Marcosatoriphoto: Why do you prefer Photoshop to Lightroom? You wrote about it, some times ago, and I can’t find your post. The real question is: will you ever do a Master Technique and Workflow about Lightroom? Thanks!
Lightroom’s edits are not sequential, Photoshop’s are, and this makes a big difference if you use multiple curves. On top of that, retouching options are limited in LR and it’s just an extra step/program you don’t need. You can ignore the bits you don’t need in PS, but you can’t add them back in with LR. Finally, there’s the whole mess of cataloging: I can organise my images in folders using the OS and view them in Bridge, and export independently of LR; but if you have multiple computers and an archive too big to fit onto a single drive, LR becomes a synchronisation nightmare. For these reasons, LR will never replace PS (and I don’t even use it at all) – so there will never be a ‘Master Technique and Workflow’, because the results will always be inferior to PS (and therefore not master-level 🙂 ).

Steve Bagness: Everybody here in the UK now seems to shoot weddings in a documentary style, using only primes and available light.If you photographed a wedding would you be a prime man and what focal lengths? I would love to see a “cinematic wedding”
I actually did this once for some friends. Shot with 24 and 85mm. It was also primes and available light…

Mike: Assume you have a serious hobbyist photographer with quite a bit of gear and funds are not an issue. If artistic development is his priority, what would you recommend re: cadence of buying new gear that’s nice-to-have but not necessary (e.g., a second, but different, model of lens in a similar focal length is “nice-to-have”; whereas a new focal length is “necessary”)? When is buying new gear harmful to artistic development? When is it beneficial? Asking for a “friend,” who may or may not be looking to justify his GAS 🙂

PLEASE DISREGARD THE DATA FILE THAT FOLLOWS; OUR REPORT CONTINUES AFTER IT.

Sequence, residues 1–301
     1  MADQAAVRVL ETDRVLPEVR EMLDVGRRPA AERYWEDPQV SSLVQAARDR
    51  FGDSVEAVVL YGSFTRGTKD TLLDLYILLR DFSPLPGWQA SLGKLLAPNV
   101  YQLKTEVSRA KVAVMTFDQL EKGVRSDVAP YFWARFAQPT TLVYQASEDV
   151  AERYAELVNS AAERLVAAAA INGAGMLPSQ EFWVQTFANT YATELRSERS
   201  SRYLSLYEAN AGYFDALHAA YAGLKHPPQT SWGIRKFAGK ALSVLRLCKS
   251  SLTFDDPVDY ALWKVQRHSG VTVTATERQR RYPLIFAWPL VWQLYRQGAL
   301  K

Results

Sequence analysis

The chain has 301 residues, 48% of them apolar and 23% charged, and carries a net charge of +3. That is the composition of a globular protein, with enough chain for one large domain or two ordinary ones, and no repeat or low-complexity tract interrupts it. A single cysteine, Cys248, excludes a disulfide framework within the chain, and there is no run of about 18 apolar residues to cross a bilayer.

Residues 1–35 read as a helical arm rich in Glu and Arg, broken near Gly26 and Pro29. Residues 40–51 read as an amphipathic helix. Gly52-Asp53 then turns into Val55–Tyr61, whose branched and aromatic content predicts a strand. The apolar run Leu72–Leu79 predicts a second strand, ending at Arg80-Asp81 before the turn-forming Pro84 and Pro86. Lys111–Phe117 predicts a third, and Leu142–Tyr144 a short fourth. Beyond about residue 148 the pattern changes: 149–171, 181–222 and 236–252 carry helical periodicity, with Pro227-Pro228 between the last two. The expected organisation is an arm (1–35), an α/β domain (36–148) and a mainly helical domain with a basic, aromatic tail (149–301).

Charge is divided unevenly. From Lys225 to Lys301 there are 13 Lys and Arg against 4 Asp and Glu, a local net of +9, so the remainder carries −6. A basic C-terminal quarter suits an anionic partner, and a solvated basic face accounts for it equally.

It’s harmful when you don’t know why you’re buying it, or what creative opportunities it brings. I’d do the opposite: pick one thing – doesn’t matter what it is – and one thing only from the pile, and use it til you’ve mastered it. Then repeat.


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  1. Your link to Part 1 (before the main body of text) is broken…

  2. Glad to see your comments on PS vs LR. I’ve said exactly the same thing to a number of folks who wonder why I haven’t “evolved” to to LR. I’ll be sure to direct them to your comments when appropriate.

  3. “It’s harmful when you don’t know why you’re buying it, or what creative opportunities it brings. I’d do the opposite: pick one thing – doesn’t matter what it is – and one thing only from the pile, and use it til you’ve mastered it. Then repeat.”

    Incredibly sage advice. I ended up dumping my Nikon Z stuff, not because it was bad, but because I wasn’t even close to mastering what can be done with my existing m4/3 stuff. Luckily, I was able to sell everything for what I bought it for, but it was a good learning experience.

  4. Thanks for including my question in your Q&A, and for all those great metering links at the bottom of your post. I had never really focused on the advantage to better exposure of doing positive exposure compensation with shutter speed and aperture rather than the exposure compensation dial and auto ISO. Many thanks!!!